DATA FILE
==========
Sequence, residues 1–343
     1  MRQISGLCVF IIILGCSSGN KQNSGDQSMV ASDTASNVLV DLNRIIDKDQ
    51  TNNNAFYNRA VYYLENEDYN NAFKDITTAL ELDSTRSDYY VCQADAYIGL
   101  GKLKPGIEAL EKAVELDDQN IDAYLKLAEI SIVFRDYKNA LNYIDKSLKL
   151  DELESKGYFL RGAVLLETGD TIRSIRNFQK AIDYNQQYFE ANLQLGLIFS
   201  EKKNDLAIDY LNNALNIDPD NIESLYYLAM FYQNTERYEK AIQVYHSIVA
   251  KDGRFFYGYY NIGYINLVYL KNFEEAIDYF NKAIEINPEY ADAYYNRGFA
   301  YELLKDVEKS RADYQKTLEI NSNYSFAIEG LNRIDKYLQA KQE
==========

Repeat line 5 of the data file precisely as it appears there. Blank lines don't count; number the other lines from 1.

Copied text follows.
   151  DELESKGYFL RGAVLLETGD TIRSIRNFQK AIDYNQQYFE ANLQLGLIFS